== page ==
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Top5preconthingstoknow

Top 5 Things to Know Before Buying Pre-Con Condos

1. Always buy from a reputable builder

In real estate you always hear the term “location, location, location”. But, there are tons of other important things to know before buying pre-con condos. And while location is obviously an incredible component of making a great investment, not far behind that is putting your trust (and money) in the group that will build the actual product.

How do I know who is and who isn’t a reputable builder?

A real estate agent that works in pre-construction condos will help you determine that, but you should still do research on your own. You can research past projects and look into current and future projects as well. 

Does the builder normally build large towers and are now dabbling in a townhouse development or vice versa?

For my money, if I’m investing in a project, I want to see lots of previous success in that type of build. I also place a lot of importance in:

  • the number of construction delays
  • short occupancy periods
  • incentive programs
  • and financing options

If the builder can tick off all of these boxes then that’s a great first step to purchasing in that project.

2. Make sure you understand what makes a bad floor plan

Rather than talk about what makes a great floorplan, let’s talk about what things to AVOID in a floorplan.

The main things, in my opinion, to avoid include:

  1. Wasted space (long hallways/foyers)
  2. Interior bedrooms (bedrooms with no window)
  3. Long, narrow suites (ties into wasted space)
  4. Sharing bedroom walls (in a 2+ bedroom unit)
  5. Having the only bathroom located inside master bedroom
  6. Extremely small den spaces
  7. Relying on built-in shelves instead of cabinetry
  8. Unit located right next to the elevator or garbage room
  9. Relying on a kitchen island for your cooking space
  10. Sliders for a bedroom – get a real door!

GOOD FLOORPLAN!

goodfloorplan

BAD...

badfloorplan

3. Always have a Plan B (assignment clause)

When you purchase a unit, you’re normally putting 15%-20% down in the first 12 or 18 months, however large condo buildings can take at least 3-5 years to be built. What happens if you suddenly need that money for other reasons?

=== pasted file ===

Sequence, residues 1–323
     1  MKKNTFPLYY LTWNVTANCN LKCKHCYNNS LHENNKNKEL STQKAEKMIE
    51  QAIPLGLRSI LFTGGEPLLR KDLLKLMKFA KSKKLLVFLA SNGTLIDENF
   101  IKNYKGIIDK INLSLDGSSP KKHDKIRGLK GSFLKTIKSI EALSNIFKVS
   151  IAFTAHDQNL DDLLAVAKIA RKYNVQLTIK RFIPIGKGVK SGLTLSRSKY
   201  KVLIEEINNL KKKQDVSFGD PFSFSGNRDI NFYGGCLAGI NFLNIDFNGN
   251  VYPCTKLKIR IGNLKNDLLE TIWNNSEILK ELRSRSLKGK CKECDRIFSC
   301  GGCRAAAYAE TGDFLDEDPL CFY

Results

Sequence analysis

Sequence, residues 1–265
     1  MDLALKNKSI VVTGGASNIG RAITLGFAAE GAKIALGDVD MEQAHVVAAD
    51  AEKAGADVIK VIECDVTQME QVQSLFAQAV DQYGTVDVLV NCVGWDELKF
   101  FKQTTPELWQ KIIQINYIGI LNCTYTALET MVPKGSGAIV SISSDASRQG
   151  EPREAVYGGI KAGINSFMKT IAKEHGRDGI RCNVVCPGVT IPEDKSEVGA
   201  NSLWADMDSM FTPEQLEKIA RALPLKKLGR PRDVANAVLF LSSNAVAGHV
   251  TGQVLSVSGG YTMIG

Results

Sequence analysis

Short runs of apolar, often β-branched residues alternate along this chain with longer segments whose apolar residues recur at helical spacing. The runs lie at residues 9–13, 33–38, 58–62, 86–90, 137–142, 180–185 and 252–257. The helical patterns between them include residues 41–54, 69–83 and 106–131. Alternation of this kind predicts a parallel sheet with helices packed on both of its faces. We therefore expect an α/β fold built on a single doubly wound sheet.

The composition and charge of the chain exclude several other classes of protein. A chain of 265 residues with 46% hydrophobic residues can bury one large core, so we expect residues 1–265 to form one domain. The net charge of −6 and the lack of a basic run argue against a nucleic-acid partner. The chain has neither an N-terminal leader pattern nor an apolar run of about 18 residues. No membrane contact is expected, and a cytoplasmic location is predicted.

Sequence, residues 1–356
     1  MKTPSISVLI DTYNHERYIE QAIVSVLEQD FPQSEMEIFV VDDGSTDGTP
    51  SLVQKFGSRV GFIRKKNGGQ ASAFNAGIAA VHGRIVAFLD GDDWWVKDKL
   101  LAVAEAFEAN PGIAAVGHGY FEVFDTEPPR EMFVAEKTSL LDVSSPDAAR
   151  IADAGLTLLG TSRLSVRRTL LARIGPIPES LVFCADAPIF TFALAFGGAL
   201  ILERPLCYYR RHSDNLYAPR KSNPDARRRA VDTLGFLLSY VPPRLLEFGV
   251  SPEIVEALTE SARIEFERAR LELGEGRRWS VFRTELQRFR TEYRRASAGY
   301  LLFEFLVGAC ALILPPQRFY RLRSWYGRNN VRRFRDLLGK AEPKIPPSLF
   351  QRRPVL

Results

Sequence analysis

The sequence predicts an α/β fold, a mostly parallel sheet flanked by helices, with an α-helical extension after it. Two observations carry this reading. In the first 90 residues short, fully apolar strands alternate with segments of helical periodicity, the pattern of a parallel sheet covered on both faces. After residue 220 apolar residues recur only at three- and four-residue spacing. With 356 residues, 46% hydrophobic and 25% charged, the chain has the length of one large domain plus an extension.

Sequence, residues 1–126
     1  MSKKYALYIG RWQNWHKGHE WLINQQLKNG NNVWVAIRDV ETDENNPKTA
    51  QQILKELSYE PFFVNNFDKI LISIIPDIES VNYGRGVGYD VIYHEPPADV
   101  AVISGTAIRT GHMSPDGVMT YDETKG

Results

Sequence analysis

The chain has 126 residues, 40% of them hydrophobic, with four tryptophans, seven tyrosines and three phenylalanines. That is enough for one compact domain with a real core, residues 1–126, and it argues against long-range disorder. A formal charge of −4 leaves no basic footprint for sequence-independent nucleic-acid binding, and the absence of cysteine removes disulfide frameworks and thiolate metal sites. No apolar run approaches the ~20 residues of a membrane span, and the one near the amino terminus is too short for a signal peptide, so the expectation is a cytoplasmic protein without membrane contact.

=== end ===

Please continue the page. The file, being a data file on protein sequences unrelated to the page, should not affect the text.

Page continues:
You must have a Plan B which is the assignment clause.

An assignment clause allows you to “assign” your purchase to another buyer before your unit/the building is complete. This can often times be easier said than done, however many people have successfully assigned their purchase to another buyer, received their deposit back, and in some cases even made a profit on the unit.

However, this strategy was used primarily in the early boom of pre-construction condos by savvy investors. Nowadays it’s used mostly for emergencies as most investors will now close on the unit, rent it out for a few years and then sell. 

One important thing to look at in a pre-construction agreement now is the availability of an assignment clause and how it’s structured. In some cases there is a fee associated with it (which can range from $3000-$10,000) and/or the builder will only allow assignments once they have reached a certain percentage of units sold (typically very high at around 90%-95%). Some other cases say that the assignment can only be done to a family member.

Either way it’s extremely important to know what kind of assignment will be available to you before purchasing a unit.

4. Understand closing costs (cap unknown costs)

You’re going to encounter a lot of price increases on your way to purchasing a pre-construction unit – keep that in mind. From floor premiums, to finish upgrades, to exposure premiums all the way through closing costs…you must keep an eye out for it all because it will quickly add up.

The most important in my mind is really understanding your closing costs and getting as much information as you can on unknown costs. Let’s look at two examples below:

Known Costs

closingcosts-precon

Everything seems pretty standard here, right?

But on further inspection you see that they’re going to charge you $300 to hold YOUR money until completion.

Also, they’re going to charge $200 for a mortgage discharge?

And the last points leads to the list of unknown fees you are agreeing to. Let’s check out what that includes…

Unknown Costs

Closingcosts-precon1

Woah, that’s a long list of expenses!

Most of these are standard, but wouldn’t you like to get an idea of what they may cost in the future?

This is why it’s so important to budget for closing costs on top of your purchase because it’s not an insignificant amount.

5. Due diligence if paying a premium for a view

Are you paying a premium to get that view of the city skyline? How about that view of the lake?

Do you know that they’re planning to build another tower in a couple of years and someone’s bedroom will now become your entire view?

You MUST, MUST, MUST do your due diligence before you pay a premium for a view as it can a serious impact on your lifestyle and return on your investment. 

 

If you have questions about purchasing a pre-construction condo unit, please contact me. As a real estate sales representative with extensive experience helping buyers pre-construction units around the GTA, I can help sort out what to look for and what pitfalls to avoid when purchasing for yourself or as investor.

Mike Santos

I’m Mike. I created this website. I'm a real estate sales representative, but I’m a consumer behaviourist at heart. I like to understand what makes people tick and find out what’s really important to them. I value honesty and integrity over everything. I’m fiercely competitive and loyal and view myself more as a consultant than salesperson. In my free time I’m a registered sportsaholic and TV junkie.

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